Malware Signed Using Hacked OEM Android Platform Certificates

Malware Signed Using Hacked OEM Android Platform Certificates

Threat actors exploited many platform certificates used by Android OEM device suppliers to sign core system applications to sign apps that contained malware. The core ROM images of Android devices containing the Android operating system and related apps are signed by OEM Android device makers using platform certificates or platform keys. Even malicious applications will be given system-level access to the Android device if signed with the same platform certificate and given the highly privileged “android.uid.system” user id.

These capabilities give access to sensitive operations, including handling ongoing calls, installing or removing packages, acquiring device information, and other highly sensitive actions often not given to applications. As stated in a recently released report on the Android Partner Vulnerability Initiative (AVPI) problem tracker, this inappropriate use of platform keys was found by Łukasz Siewierski, a Reverse Engineer in the team of Google’s Android Security.

“A platform certificate is the application signing certificate used to sign the “android” application on the system image. The “android” application runs with a highly privileged user id – android.uid.system – and holds system permissions, including permissions to access user data,” explains the Google reporter. “Any other application signed with the same certificate can declare that it wants to run with the same user id, giving it the same level of access to the Android operating system.”

In addition to providing the SHA256 hashes for each malware sample and the digitally signed certificates, Siewierski discovered several malware samples signed using these 10 Android platform certificates. There is currently no evidence on what caused these certificates to be exploited to sign malware, such as if one or more threat actors stole them or whether an employee with permission to do so used the vendor keys to sign the APKs. There is also no information on how these malware samples were disseminated, such as whether they were spread through malicious campaigns, third-party retailers, or Google’s Play Store.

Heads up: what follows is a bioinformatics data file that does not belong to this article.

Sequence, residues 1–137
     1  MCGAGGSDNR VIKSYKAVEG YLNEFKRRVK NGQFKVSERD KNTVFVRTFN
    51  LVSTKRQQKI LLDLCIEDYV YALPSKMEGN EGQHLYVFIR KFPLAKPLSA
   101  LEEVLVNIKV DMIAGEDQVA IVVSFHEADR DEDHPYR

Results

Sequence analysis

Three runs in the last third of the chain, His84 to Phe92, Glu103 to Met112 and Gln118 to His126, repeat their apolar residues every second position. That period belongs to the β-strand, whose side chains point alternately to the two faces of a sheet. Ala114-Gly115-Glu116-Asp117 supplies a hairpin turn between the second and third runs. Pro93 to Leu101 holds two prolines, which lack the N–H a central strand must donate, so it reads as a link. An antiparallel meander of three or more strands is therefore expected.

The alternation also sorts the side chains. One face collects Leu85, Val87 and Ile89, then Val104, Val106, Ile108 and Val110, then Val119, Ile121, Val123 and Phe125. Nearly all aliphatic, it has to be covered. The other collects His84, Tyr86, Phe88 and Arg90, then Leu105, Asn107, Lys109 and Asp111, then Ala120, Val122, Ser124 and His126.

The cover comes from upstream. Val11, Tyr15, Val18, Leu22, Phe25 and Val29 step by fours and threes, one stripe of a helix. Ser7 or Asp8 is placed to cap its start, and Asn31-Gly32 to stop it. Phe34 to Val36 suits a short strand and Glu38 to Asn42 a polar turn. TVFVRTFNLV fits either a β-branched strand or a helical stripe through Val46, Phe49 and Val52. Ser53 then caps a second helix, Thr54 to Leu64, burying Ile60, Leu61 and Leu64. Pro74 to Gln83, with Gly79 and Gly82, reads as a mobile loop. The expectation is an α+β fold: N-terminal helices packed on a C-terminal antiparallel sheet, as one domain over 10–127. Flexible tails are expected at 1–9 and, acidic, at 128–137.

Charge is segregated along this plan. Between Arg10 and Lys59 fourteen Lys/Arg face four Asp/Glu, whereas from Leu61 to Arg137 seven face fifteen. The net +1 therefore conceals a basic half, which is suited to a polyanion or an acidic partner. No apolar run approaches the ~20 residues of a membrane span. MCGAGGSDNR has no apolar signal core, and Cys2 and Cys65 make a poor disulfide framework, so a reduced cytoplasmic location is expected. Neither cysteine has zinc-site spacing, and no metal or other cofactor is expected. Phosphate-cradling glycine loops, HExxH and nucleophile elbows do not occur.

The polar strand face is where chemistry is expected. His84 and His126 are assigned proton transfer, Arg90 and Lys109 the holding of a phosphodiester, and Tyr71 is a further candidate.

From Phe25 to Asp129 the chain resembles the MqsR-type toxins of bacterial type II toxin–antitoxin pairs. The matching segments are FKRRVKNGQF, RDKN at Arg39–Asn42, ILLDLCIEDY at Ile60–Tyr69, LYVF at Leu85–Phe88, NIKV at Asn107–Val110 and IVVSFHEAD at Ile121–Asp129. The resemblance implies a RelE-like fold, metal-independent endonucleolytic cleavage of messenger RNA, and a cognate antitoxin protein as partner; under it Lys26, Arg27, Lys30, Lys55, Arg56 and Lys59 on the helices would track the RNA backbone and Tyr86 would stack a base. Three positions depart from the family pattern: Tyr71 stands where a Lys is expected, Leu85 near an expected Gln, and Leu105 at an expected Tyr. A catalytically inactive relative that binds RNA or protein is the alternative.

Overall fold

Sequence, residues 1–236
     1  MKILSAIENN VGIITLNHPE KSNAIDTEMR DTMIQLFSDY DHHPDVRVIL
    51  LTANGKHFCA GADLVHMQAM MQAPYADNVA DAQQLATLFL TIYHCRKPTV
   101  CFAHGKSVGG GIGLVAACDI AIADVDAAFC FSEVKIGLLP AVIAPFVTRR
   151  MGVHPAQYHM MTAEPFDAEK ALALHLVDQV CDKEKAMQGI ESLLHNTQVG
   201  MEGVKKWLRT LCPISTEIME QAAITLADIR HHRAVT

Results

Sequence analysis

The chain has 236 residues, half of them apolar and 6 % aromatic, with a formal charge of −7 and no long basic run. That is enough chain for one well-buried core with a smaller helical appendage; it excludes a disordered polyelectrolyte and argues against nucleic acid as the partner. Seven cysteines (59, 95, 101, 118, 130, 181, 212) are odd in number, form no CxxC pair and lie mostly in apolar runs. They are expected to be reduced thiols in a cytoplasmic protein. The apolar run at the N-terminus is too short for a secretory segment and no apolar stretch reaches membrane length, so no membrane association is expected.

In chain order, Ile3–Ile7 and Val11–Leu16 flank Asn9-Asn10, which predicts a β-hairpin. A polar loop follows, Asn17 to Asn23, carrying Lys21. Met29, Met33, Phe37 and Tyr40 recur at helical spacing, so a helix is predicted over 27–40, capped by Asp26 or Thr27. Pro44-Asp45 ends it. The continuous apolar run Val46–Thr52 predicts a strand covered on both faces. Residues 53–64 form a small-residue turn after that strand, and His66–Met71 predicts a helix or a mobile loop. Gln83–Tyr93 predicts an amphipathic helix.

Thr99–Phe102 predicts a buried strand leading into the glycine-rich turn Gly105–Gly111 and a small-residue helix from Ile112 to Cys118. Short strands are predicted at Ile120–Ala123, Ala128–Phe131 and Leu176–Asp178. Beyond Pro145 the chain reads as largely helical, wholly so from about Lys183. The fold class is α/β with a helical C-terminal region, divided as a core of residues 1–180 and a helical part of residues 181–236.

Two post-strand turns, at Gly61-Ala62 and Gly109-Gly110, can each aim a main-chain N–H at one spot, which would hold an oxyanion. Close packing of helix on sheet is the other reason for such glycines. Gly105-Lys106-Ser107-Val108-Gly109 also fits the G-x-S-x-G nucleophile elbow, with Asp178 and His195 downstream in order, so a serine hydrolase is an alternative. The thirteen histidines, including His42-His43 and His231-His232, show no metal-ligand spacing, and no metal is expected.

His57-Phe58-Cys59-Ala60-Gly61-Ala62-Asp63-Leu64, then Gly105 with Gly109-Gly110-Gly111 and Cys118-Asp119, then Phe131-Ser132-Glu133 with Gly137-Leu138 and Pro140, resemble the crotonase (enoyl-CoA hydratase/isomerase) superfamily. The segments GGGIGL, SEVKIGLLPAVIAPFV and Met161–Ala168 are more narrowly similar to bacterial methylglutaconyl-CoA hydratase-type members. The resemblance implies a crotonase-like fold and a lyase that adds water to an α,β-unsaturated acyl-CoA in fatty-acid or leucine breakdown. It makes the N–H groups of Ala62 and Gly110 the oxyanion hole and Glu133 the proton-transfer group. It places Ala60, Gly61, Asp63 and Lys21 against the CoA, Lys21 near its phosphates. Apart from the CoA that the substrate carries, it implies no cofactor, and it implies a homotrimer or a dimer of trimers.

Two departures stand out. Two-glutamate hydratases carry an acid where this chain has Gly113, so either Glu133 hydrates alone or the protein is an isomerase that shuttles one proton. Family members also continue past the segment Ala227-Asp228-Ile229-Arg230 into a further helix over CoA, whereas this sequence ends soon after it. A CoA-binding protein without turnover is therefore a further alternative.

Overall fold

The package titles for the 10 listed malware samples signed with platform keys are:

  1. com.russian.signato.renewis
  3. com.sledsdffsjkh.Search
  4. com.houla.quicken
  7. com.arlo.fappx
  8. com.attd.da
  9. com.metasploit.stage
  10. com.vantage.ectronic.cornmuni

Some misused platform certificates were found to be from Samsung Electronics, LG Electronics, Revoview, and Mediatek through a VirusTotal search for these hashes. It was currently impossible to identify the owners of the other certificates. The malware identified as HiddenAd trojans, information thieves, Metasploit, and malware droppers that threat actors may employ to spread more malicious payloads on infected devices are all signed with their certificates. Google notified all impacted vendors about the misuse and advised them on how to stop it in the future, including rotating their platform certificates, looking into the source of the leak, and limiting the number of apps certified using their Android platform certs.

Use APKMirror to identify them (a list of applications signed with Samsung’s cert and one LG-signed app) and quickly gain an overview of all Android apps issued with these possibly compromised certificates. However, not all the vendors have complied with Google’s recommendations because the compromised platform certificates are still being used to digitally sign apps, despite Google’s claim that “all affected parties were informed of the findings and have taken remediation measures to minimize the user impact.” When questioned about these compromised keys, Google responded that they had added malware detections to Google Play Protect and the Android Build Test Suite (BTS) as well as detections for the compromised keys.

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CIM Team

CIM Team

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